Fallopia × bohemica
Other Scientific Names:
Polygonum x bohemicum, Reynoutria × bohemica
Weed class: B
Year Listed: 2004
Native to: Asia
Is this Weed Toxic?:
not known to be
This plant is also on the Washington State quarantine list. It is prohibited to transport, buy, sell, offer for sale, or distribute plants or plant parts of quarantined species into or within the state of Washington or to sell, offer for sale, or distribute seed packets of seed, flower seed blends, or wildflower mixes of quarantined species into or within the state of Washington. Please see WAC 16-752 for more information on the quarantine list. For questions about the quarantine list, contact the Washington State Department of Agriculture's Plant Services Program at (360) 902-1874 or email PlantServices@agr.wa.gov.
Why Is It a Noxious Weed?
It forms dense colonies that exclude native vegetation and greatly alter natural ecosystems. Established populations are extremely persistent and colonies are extremely difficult to eradicate. It poses a significant threat to riparian areas.
How would I identify it?
Clumping and spreading perennial with large leaves, hollow stems and long creeping rhizomes.
Flower clusters commonly made up of male flowers and located at stem and branch tips. Clusters (panicles) are around 8 to 13 ¾ inches long. Sepals are white to pinkish white in color.
Leaves are alternate, leathery, and oval. The leaf tip ranges from being blunt to a tapered point. The base is slightly indented to deeply heart-shaped. Leaf midveins have hairs. Leaf size is intermediate between Japanese and giant knotweed.
Main stems upright, often arched near top, simple to minimally branched, grooved, thick, hollow, weakly woody, swollen at nodes, usually reddish-brown at maturity.
May Be Confused With
Invasive knotweed species look very similar. Bohemian knotweed is a hybrid between Japanese knotweed and giant knotweed. If you need help with plant identification, please contact your county noxious weed coordinator.
Where does it grow?
An escaped ornamental, knotweed is often found in waste places, neglected gardens, roadsides, streambanks and riverbanks. Please click here to see a county level distribution map of Bohemian knotweed in Washington.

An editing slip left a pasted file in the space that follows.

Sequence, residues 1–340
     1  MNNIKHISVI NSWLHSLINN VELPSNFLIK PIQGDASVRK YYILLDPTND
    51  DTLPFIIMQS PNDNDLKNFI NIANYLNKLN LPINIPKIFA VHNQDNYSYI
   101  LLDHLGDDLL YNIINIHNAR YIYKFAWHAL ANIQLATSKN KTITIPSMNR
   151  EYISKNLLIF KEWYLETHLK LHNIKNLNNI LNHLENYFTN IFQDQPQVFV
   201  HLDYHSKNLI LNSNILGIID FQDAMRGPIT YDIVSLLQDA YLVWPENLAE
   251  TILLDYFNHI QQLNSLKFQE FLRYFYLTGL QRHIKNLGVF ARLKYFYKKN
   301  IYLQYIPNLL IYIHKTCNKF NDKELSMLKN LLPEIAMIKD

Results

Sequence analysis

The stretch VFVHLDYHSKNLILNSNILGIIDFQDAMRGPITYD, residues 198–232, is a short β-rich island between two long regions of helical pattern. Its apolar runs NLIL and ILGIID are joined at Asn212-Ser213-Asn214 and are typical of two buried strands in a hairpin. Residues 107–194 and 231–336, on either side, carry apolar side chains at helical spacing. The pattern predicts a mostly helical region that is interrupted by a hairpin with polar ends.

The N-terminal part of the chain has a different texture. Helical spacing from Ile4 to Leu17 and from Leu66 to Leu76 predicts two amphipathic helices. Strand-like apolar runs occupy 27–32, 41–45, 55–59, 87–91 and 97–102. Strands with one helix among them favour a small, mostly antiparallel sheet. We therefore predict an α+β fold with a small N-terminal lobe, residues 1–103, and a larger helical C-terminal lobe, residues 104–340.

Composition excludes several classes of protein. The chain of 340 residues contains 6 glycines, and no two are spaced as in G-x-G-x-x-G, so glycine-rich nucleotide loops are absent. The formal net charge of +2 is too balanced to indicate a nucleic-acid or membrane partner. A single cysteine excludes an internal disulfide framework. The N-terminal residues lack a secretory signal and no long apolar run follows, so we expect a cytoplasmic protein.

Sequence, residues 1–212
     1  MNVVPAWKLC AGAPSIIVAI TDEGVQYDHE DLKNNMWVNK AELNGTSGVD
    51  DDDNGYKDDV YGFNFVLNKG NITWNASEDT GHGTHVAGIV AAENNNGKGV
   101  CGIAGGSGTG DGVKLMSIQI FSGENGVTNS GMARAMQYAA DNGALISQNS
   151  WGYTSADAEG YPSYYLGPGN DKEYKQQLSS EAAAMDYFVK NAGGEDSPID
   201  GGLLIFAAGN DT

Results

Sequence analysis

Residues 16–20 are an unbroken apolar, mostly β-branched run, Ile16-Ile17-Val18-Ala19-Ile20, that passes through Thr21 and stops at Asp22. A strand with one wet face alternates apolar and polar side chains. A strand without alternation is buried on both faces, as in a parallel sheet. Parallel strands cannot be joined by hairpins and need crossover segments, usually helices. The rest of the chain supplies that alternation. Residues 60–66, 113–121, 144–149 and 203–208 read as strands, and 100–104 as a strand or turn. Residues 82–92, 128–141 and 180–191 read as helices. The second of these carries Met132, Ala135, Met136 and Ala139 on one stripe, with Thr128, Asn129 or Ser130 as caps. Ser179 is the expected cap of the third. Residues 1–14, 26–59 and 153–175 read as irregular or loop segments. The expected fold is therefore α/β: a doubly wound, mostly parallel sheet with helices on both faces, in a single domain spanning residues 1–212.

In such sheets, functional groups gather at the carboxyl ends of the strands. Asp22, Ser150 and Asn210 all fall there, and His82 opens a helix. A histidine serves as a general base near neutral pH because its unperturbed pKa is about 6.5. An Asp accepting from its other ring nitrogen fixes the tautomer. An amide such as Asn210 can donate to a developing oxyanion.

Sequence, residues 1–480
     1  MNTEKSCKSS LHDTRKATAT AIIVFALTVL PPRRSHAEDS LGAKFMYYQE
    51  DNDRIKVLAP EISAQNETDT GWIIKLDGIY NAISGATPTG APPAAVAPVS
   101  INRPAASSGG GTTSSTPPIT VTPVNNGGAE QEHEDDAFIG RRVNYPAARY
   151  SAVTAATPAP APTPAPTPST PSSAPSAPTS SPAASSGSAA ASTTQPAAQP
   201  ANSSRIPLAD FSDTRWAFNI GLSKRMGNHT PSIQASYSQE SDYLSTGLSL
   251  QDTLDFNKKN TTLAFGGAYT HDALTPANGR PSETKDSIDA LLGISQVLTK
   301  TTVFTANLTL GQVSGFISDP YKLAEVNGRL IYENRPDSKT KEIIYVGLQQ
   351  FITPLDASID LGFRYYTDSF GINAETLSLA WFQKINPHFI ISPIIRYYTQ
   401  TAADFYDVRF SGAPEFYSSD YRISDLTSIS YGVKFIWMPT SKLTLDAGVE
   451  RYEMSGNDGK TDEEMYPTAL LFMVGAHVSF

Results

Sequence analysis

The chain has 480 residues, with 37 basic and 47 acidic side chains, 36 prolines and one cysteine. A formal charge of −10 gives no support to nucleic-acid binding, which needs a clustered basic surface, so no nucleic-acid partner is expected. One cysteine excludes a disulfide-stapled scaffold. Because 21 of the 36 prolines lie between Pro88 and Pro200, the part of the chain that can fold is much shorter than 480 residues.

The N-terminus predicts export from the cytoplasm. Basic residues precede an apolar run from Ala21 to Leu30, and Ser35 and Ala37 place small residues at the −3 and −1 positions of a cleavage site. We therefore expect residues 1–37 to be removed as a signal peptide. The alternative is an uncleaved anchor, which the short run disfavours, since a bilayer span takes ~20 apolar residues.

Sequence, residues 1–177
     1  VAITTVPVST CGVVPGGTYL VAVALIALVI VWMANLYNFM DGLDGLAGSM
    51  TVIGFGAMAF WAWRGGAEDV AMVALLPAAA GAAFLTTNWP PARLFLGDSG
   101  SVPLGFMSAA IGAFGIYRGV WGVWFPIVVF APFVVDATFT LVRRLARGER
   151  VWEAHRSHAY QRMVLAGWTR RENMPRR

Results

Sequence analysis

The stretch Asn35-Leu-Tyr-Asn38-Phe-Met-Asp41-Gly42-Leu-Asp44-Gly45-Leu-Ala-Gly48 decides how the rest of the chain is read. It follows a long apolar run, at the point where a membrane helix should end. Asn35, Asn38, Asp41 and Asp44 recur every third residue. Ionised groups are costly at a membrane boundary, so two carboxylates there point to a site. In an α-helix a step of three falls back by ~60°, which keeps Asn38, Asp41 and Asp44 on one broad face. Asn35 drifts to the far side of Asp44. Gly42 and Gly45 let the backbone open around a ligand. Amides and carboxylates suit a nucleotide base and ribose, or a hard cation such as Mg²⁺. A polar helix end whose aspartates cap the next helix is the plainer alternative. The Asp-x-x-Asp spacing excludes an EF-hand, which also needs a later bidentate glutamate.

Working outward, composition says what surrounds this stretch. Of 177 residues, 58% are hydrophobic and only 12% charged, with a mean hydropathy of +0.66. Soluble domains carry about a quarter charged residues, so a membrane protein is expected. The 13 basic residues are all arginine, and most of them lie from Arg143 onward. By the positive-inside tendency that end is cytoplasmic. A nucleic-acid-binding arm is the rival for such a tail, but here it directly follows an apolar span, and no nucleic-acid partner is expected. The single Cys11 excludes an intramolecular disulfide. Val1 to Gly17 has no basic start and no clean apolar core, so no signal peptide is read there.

How Does it Reproduce?
Bohemian knotweed reproduces vegetatively from rhizomes and by seed. Each node on the plant stock is able to produce roots and new plants. New plants can sprout from small fragments.
How Do I Control It?
GENERAL CONTROL STRATEGY
Controlling invasive knotweed species typically takes a number of years and monitoring the site for regrowth is critical. Care must be taken not to produce new plants. All plant material should be removed and properly disposed of as new plants can sprout from very small fragments. Check with your county noxious weed control board about how to best dispose of plant parts. Plants can be dried and burned but make sure to check with local burning restrictions and if any permits are needed.
Grubbing out small clumps when discovered can prevent new colonies from establishing but is time-consuming. Rhizomes and fragments left in the ground, or nearby, can regenerate and spread infestations. The entire root system must be removed since re-sprouting can occur from rhizomes. Frequent, repeated cutting of plants over many years can eventually kill the plant. Covering plants with a thick landscape fabric for up to 5 years may provide control. Fabric should be installed after cutting plants back to the ground, provide some give in the fabric so new stem growth won't puncture through, monitor fabric and flatten knotweed growth under it, keep fabric cleared of debris, and repair any holes.
There are currently no registered biological control agents for use on any of of invasive knotweed species. Grazing may provide some reduction in plants but additional control methods are typically needed. Any grazing strategy should be carefully controlled to prevent damage in riparian areas.
For More Information
See our Written Findings for more information about Bohemian knotweed (Polygonum xbohemicum).